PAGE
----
The health care market is quite heterogeneous, and as a result, each organization has a unique set of cybsersecurity needs and characteristics. The industry includes hospitals of all sizes, local doctoral consortia, public health care institutions and individual physicians. Naturally, health care security risks vary depending on the size and type of organization, but most institutions have at least one thing in common: Their core business goals rarely align with security policies.

Limited Resources and Lack of Leadership

In many cases, the IT department is required to implement archiving functions with very limited automation capabilities. The level of automation typically depends on the size of the organization. Individual practitioners often work from a single laptop, for example, while large hospitals have data centers equipped with many automated functions.

The same goes for service and security management: Larger data centers usually require the oversight of a chief information officer (CIO) and chief information security officer (CISO), while smaller organizations might employ only one or the other. The smallest companies might lack a security executive altogether, opting instead to delegate leadership to individual IT competencies.

Nevertheless, the information stored on health care organizations’ servers is highly sensitive compared to most other industries. Data related to patients’ health and billing records is extremely valuable to cybercriminals and often goes unprotected due to lack of investment in security. It’s no surprise, then, that the health care industry has suffered numerous high-profile attacks in recent months.

Emerging Health Care Security Risks

The health care sector must also deal with additional security wrinkles related to cloud adoption and bring-your-own-device (BYOD) policies. When managed appropriately, these services and devices can boost productivity for a health care organization. Unfortunately, this management often falls outside the scope of the organization’s core businesses, especially for companies that lack a CISO. In these cases, cloud services and personal devices are often adopted as a natural step without accounting for security risks.

Furthermore, health care networks are usually accessible 24/7, meaning they are exposed to cybercriminals at all times. Remediation efforts often lag behind while fraudsters compromise critical operations. In a worst-case scenario, these interruptions could be life-threatening to patients who require urgent medical care. This issue becomes even more complicated as more health care institutions adopt connected medical devices such as pacemakers.

Investing in Awareness and Technology

So how can health care organizations defend their networks and devices against cyberattacks? Regulations and policies can put a dent in security efforts, but the true cure for health care insecurity is increased awareness. All employees from the top down need to be educated about health care security risks as they relate to the medical services they provide. This requires proper investment in terms of both knowledge and technology.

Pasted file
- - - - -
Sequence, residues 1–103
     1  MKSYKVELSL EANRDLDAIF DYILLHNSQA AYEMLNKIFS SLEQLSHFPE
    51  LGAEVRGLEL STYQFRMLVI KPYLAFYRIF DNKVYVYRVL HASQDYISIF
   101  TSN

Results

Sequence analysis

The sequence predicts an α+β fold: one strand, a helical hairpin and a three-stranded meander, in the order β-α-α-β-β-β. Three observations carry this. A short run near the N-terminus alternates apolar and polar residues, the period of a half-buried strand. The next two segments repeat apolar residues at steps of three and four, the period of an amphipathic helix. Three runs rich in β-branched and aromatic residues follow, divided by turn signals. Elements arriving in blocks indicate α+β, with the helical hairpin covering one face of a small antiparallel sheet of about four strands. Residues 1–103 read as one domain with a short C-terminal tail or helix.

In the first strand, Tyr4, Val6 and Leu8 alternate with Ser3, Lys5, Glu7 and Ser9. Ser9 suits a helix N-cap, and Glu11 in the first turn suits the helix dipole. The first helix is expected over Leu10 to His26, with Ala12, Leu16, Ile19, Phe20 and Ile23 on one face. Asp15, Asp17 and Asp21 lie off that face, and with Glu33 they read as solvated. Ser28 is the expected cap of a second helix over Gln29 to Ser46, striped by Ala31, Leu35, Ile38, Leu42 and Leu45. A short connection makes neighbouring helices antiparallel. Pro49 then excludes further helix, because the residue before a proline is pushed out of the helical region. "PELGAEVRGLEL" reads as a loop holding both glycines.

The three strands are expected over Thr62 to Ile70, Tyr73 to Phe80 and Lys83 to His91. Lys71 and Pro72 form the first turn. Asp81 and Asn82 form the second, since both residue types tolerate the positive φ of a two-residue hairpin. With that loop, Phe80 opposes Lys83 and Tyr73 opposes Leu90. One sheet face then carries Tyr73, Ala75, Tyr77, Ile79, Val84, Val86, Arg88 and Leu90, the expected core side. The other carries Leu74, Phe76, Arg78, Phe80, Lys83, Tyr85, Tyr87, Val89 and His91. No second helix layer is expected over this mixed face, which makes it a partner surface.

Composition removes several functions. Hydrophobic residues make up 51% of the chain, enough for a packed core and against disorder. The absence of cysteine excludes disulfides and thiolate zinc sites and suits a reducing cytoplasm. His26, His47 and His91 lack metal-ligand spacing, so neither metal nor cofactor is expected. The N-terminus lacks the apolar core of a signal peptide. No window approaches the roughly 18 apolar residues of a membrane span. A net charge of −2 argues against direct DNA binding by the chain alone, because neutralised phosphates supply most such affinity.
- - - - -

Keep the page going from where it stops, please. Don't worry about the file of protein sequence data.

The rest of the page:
More from Data Protection

Heads Up CEO! Cyber Risk Influences Company Credit Ratings

4 min read - More than ever, cybersecurity strategy is a core part of business strategy. For example, a company’s cyber risk can directly impact its credit rating. Credit rating agencies continuously strive to gain a better understanding of the risks that companies face. Today, those agencies increasingly incorporate cybersecurity into their credit assessments. This allows agencies to evaluate a company’s capacity to repay borrowed funds by factoring in the risk of cyberattacks. Getting Hacked Impacts Credit Scoring As per the Wall Street Journal…

4 min read

IBM Security Guardium Ranked as a Leader in the Data Security Platforms Market

3 min read - KuppingerCole named IBM Security Guardium as an overall leader in their Leadership Compass on Data Security Platforms. IBM was ranked as a leader in all three major categories: Product, Innovation, and Market. With this in mind, let’s examine how KuppingerCole measures today’s solutions and why it’s important for you to have a data security platform that you trust. The Transformation of the Data Security Industry As digital transformation continues to expand, the impact it has had on enterprises is very apparent when…

3 min read

SaaS vs. On-Prem Data Security: Which is Right for You?

2 min read - As businesses increasingly rely on digital data storage and communication, the need for effective data security solutions has become apparent. These solutions can help prevent unauthorized access to sensitive data, detect and respond to security threats and ensure compliance with relevant regulations and standards. However, not all data security solutions are created equal. Are you choosing the right solution for your organization? That answer depends on various factors, such as your industry, size and specific security needs. SaaS vs. On-Premises…

2 min read

Understanding the Backdoor Debate in Cybersecurity

3 min read - The debate over whether backdoor encryption should be implemented to aid law enforcement has been contentious for years. On one side of the fence, the proponents of backdoors argue that they could provide valuable intelligence and help law enforcement investigate criminals or prevent terrorist attacks. On the other side, opponents contend they would weaken overall security and create opportunities for malicious actors to exploit. So which side of the argument is correct? As with most debates, the answer isn't so…

3 min read